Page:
• Keep your cat inside. Outdoors, felines can freeze, become lost or stolen, injured or killed. Cats who are allowed to stray are exposed to infectious diseases, including rabies, from other cats, dogs or wildlife.
  • During the cold winter months, outdoor cats sometimes sleep under the hoods of cars. When the motor is started, the cat can be injured or killed by the fan belt. If there are outdoor cats in your area, bang loudly on the car hood before starting the engine to give the cat a chance to escape.
  • Never let your dog off the leash on snow or ice, especially during a snowstorm, dogs can easily become lost. Make sure your dog always wears ID tags.
  • Be sure to always thoroughly wipe off your dog’s legs and stomach when he comes in out of the sleet, snow and ice. He can ingest salt, antifreeze or other potentially dangerous chemicals while licking his paws, and his paw pads may also bleed from snow or encrusted ice.
  • Never shave your dog down to the skin in the winter, as a longer coat will provide more warmth. When you bathe your dog in the colder months, be sure to completely dry him before taking him out for a walk. Own a short breed dog? Consider getting him a coat or sweater with a high collar or turtleneck with coverage from the base of the tail to the belly.
  • Never leave your dog or cat alone in a car during cold weather. A car can act as a refrigerator in the winter, holding in the cold and causing the animal to freeze to death.
  • Puppies do not tolerate the cold as well as adult dogs, and may difficult to housebreak during the winter months. If your puppy appears to be sensitive to the weather, you may opt to paper-train him inside. If your dog is sensitive to the cold due to age, illness or breed type, take him outdoors only to relieve himself.
  • Does your dog spend a lot of time engaged in outdoor activities? Increase his supply of food, particularly protein, to keep him, and his fur, in tip-top shape.
  • Like coolant, antifreeze is a lethal poison for dogs and cats. Be sure to thoroughly clean up any spills from your vehicle, and consider using products that contain propylene glycol rather than ethylene glycol.
  • Make sure your furry companion has a warm place to sleep, off the floor and away from all drafts. A cozy dog or cat bed with a warm blanket or pillow is perfect.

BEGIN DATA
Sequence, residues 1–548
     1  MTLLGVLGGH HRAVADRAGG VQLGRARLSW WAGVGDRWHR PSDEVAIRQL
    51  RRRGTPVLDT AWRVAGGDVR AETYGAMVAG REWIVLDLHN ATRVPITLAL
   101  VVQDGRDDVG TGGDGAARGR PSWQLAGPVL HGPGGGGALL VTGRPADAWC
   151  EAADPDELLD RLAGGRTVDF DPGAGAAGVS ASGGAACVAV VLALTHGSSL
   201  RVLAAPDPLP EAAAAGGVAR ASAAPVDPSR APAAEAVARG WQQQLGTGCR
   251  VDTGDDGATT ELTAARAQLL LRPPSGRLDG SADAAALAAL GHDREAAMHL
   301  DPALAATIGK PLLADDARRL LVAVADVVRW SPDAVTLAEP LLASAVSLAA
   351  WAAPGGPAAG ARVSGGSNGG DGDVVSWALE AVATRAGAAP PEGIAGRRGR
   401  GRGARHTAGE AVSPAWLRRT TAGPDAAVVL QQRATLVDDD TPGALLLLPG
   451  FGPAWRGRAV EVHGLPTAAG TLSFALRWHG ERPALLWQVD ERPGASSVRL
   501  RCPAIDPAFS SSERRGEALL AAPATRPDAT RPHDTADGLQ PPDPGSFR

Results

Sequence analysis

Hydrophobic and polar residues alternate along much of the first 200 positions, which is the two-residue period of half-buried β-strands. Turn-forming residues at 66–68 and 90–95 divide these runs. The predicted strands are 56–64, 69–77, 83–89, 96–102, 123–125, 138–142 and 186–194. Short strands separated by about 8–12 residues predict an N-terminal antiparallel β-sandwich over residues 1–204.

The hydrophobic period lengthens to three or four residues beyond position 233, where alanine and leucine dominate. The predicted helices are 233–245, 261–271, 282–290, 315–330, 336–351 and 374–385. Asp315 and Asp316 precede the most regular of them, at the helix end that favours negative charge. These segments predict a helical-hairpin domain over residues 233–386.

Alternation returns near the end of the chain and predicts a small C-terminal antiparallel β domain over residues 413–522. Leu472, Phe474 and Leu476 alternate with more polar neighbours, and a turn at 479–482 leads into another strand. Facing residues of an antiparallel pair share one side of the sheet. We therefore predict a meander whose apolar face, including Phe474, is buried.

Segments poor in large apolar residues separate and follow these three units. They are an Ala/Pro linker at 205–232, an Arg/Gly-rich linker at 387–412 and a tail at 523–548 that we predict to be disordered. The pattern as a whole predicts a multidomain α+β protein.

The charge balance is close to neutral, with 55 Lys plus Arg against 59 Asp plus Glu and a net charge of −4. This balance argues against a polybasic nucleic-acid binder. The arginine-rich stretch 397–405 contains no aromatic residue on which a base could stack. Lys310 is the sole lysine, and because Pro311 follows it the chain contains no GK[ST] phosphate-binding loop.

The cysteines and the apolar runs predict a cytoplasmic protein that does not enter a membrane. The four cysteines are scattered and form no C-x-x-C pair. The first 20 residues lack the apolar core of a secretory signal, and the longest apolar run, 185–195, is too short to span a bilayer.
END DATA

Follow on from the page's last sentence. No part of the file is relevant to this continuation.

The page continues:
Healthy Salad Dressing Ideas

With its rainbow of fresh produce, a salad can be a delicious and striking part of your meal…not to mention loaded with nutrients! Now, if dousing your salad with a calorie-laden dressing is the only way to get your picky eaters to enjoy it, I’ll call that a win. A better option (double win?) would be to use a lighter, healthier dressing. Here are five healthy and delicious salad dressings you can make in less than five minutes:

  1. Arugula Salad with Grape Tomatoes and Shaved Red Onions – There’s beauty in simplicity with this quick and easy salad. The peppery arugula is complimented perfectly in taste and appearance by a few simple savory ingredients.
  2. Balsamic Vinaigrette – Offering a distinctive, Mediterranean flavor, this dressing pairs wonderfully with baby spinach, pomegranate seeds, and pine nuts.
  3. Greek Yogurt Caesar Salad – The Greek yogurt provides the creamy texture you’ve come to expect in a Caesar salad with less fat and more protein. I guarantee you won’t miss your old Caesar one bit!
  4. Oriental Dressing – This savory dressing offers just a hint of sweet and pairs wonderfully with mild salads. Try yours with spring mix, julienned carrots, bean sprouts, and cucumber!
  5. Raspberry Vinaigrette – The raspberry vinegar lends a deep, complex flavor with fruit undertones to this salad dressing. Pairs well with spring mix, sliced radishes, and sliced green apples.

Enjoy making these healthy salad dressings and get that double win at your next meal!

Ron